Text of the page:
Cybercriminals have been targeting the healthcare industry for years. As healthcare has become the second largest sector of the U.S. economy, it should come as no surprise that the industry receives special attention from hackers. Aside from its size, what else accounts for the indisputable interest cybercriminals have in exploiting healthcare?
Hackers Set Sights on Healthcare
FortiGuard Labs reported that in 2017, healthcare saw nearly 32,000 intrusion attacks per day per organization, over twice that of other industries who saw on average 14,300 attacks per organization per day.
Healthcare data is abundant in volume and value. Cybercriminals know that the risk is worth the reward when it comes to financial gain associated with compromised health records. Stolen patient data brings in the big bucks on the Dark Web, where cybercriminals can buy and sell records to use for various crimes, including identity theft.
Despite the healthcare industry being targeted relentlessly, it seems that cybersecurity spending remains a low priority for many organizations. Many providers have tight budgets and struggle to allocate funds for IT spending, and when they do, those funds may go solely towards endpoint security. While traditionally devoting IT resources only to endpoint security may have been enough, in the modern era of mobile and Internet of Things (IoT) devices, resources should also be dedicated to other areas concerning cybersecurity. If employees are not well trained in security awareness and are unfamiliar with how to spot malicious attempts by cybercriminals, endpoint security, such as a firewall will not protect an organization.
What’s the Big Deal?
According to Peter Carlisle, EMEA at Thales eSecurity, a cloud, and data security company, healthcare breaches can cause a lot more damage than compromising your identity, in fact, it could be the difference between life and death.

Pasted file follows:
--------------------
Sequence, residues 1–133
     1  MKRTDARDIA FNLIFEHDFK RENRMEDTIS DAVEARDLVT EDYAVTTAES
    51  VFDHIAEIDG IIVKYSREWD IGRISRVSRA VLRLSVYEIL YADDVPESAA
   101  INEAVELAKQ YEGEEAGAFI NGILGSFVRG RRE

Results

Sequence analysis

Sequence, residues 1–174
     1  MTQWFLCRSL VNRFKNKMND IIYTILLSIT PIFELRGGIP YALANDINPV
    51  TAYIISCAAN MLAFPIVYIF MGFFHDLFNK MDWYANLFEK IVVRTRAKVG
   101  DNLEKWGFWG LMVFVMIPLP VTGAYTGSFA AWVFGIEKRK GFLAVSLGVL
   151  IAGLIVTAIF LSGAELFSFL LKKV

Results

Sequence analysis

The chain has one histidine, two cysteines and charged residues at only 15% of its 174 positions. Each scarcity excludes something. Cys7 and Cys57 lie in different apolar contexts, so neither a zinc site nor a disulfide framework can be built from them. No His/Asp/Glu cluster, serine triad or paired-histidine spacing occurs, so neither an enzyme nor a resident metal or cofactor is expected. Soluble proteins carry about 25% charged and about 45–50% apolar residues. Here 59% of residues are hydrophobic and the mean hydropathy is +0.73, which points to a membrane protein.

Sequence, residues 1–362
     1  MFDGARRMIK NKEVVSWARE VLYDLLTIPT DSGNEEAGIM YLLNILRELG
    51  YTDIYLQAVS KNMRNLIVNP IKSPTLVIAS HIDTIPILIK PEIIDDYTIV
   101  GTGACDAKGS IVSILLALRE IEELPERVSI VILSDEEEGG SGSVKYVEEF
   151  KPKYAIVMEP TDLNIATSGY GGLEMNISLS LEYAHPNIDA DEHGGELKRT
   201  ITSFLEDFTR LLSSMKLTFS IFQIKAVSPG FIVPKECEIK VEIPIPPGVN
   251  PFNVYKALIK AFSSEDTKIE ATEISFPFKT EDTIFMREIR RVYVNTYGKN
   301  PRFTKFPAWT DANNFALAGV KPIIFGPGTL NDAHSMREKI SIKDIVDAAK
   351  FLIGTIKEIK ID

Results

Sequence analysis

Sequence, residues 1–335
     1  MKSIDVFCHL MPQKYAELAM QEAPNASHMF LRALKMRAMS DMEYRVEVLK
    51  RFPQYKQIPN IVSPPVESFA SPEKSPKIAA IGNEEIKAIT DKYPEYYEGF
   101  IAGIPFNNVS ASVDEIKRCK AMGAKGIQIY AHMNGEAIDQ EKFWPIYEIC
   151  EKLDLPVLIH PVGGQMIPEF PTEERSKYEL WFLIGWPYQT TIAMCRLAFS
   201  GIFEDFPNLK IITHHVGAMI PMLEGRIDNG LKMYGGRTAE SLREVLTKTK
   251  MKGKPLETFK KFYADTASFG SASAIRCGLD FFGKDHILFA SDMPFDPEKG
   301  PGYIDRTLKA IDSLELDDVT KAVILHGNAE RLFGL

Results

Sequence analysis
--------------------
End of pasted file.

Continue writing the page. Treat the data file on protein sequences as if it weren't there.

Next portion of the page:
Carlisle also explains how a data breach could result in a patient getting incorrect medication or cause a patient to not receive treatment for a life-threatening condition.
In addition, the increasing number of IoT devices in healthcare put lives at risk, as these devices bring concerns regarding data security and management. IoT devices are being used to power various resources, such as pacemakers, glucose monitoring for diabetic patients, and coagulation self-testing to name a few.
Weak data security measures and the management of such devices could also lead to life-threatening consequences for patients.
What Can You Do?
Ensure that your organization is making cybersecurity a priority. While budgets may not allow for you to implement all the security measures you wish you could, do not undervalue the importance of training your employees on security awareness. By educating your employees on cybersecurity best practices and how to spot malicious attempts by cybercriminals, employees can act as the first line of defense in protecting your organization.